La Mujer ObreraMarch/April 1998 issue of Poverty & Race
La Mujer Obrera
P0 Box 3975
El Paso, TX 79923
Contact: Cindy Arnold
In 1993 La Mujer Obrera conducted a PRRAC-supported study to document the conditions of the women workers most Likely to be affected by the economic restructuring catalyzed by NAFTA. This study was prompted by the organization's concern that insufficient planning was being conducted at the local, state and national levels to address the expected devastation of Spanish-speaking workers' jobs by NAFTA.
In the intervening years since NAFTA's implementation. the dire forecasts have unfortunately come true, as NAFTA has delivered a three-way punch to local workers. One: over 10,000 jobs have been lost as dozens of companies moved to Mexico. As a result, El Paso has the highest certified job loss in the country due to NAFTA, and its unemployment has remained in double digits while the rest of the country and state are enjoying near-record low unemployment rates. Two: as displaced workers try to get new employment, they have run up against employer-imposed employment prerequisites of English fluency, GED certification and training and/or experience in new industrial fields. Very few displaced workers have found new jobs, despite the city having gained 13,000 new jobs since January 1994. Three: when displaced workers went in search of training to upgrade their skills in order to compete in the new workforce. they found that the vocational training programs also had English fluency and GED prerequisites, Furthermore, they found that the federally-funded, state-administered NAFTA retraining and economic development programs also had not developed any plan to deal with the particular needs of the workers hardest hit by NAFTA. Thus, NAFTA has resulted in the elimination of Spanish-speaking workers, particularly women, from the local economy.
To challenge this marginalization and discrimination by employers. training institutions and state and fed-eral government. La Mujer Obrera has been waging a three-year campaign to secure investment in training, employment and economic development infrastructure for Spanish-speaking NAFTA-displaced workers, From El Paso to the state capitol of Austin to Washington. DC, hundreds of displaced workers have conducted protests, hearings, press conferences, meetings, pickets and letter writing campaigns to demand that "bridges" of jobs, training and business opportunities be built to link displaced workers to the economy of the 21st century.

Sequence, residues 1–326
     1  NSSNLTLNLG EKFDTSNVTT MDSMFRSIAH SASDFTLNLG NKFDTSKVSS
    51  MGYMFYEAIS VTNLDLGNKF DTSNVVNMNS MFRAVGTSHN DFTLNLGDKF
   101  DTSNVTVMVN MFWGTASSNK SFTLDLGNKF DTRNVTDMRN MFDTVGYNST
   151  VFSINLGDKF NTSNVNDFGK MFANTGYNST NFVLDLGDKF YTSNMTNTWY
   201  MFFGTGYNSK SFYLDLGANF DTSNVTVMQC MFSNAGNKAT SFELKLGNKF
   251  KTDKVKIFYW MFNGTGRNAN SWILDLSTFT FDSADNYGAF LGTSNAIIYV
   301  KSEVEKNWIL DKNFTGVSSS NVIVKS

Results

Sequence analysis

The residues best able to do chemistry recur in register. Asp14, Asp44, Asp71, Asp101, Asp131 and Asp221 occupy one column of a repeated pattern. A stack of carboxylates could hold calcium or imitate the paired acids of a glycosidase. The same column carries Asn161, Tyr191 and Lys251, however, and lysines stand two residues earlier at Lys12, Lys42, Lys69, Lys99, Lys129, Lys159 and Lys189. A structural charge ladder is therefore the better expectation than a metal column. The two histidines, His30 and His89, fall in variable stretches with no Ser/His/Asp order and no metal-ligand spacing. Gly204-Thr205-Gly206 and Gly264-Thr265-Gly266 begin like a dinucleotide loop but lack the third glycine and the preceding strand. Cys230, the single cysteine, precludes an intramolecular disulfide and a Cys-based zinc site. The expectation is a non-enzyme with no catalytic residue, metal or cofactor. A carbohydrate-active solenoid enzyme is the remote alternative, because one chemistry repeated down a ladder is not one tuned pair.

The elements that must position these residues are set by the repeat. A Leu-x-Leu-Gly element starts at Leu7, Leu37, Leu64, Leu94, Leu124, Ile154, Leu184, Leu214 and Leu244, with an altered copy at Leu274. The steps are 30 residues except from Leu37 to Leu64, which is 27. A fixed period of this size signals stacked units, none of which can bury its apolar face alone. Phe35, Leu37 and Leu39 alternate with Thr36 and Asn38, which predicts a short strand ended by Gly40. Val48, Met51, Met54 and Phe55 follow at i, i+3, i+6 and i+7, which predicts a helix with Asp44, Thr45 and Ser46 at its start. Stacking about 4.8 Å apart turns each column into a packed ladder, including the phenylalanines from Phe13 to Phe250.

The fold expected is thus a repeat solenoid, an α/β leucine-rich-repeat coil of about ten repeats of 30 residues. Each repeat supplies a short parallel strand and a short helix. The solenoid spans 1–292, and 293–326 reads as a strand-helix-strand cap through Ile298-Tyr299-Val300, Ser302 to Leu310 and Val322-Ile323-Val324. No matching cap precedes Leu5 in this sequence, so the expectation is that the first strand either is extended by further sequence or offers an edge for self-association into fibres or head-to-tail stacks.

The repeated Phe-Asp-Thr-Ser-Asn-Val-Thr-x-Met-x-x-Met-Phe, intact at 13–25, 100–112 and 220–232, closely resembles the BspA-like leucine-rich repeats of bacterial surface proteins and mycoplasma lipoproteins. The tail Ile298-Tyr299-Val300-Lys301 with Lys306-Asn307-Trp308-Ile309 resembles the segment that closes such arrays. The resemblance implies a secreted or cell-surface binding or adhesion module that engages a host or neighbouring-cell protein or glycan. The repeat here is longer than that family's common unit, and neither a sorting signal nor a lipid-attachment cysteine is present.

The final outcome of this campaign is still to be written, but our accomplishments to date have included:
· Establishment of weekly commu-nication with over 1,500 displaced workers enrolled in retraining programs;
· Development of the "Displaced Workers Community Economic Development Initiative" as a comprehensive strategic plan for creating employment, training, businesses and other economic alternatives for displaced workers;
· Building support among the US Department of Labor, the Texas Workforce Commission, the City of El Paso, the local state legislative delegation, the local Congressman, the Clinton Administration, the local business community and local training providers for the redesign and reorganization of NAFTA training and economic development programs for Spanish-speaking workers. As a result, in February 1997 the state and federal government set up a $7 million pilot project and recertified all displaced workers who entered training between February 1995 and April 1997, Last September they acknowledged that the pilot project was failing, and in December the City submitted a $71 million proposal to the Department of Labor to create the infrastructure needed to provide bilingual vocational training to Spanish-speaking NAFTA-displaced workers.
·La Mujer Obrera's recommendations regarding economic development resources for displaced workers were included in the 1999 fiscal year program and budget proposals for the Economic Development Administration and the North American Development Bank
· Advocacy for a proposal that would establish NAFTA impact zones, similar to federal Enterprise Community Zones, which receive institutional support to promote a comprehensive plan for community development. Such a proposal was supported by the Texas Senate and Comptroller's office, and by Texas representatives to the US Congress
· Built national awareness of NAFTA's impact on El Paso through national and international media coverage, including several reports aired on Univision internationally, as well as articles in the New York Times, Dallas Morning News, Houston Chronicle and Albuquerque Journal, in addition to dozens of stories in the local media.
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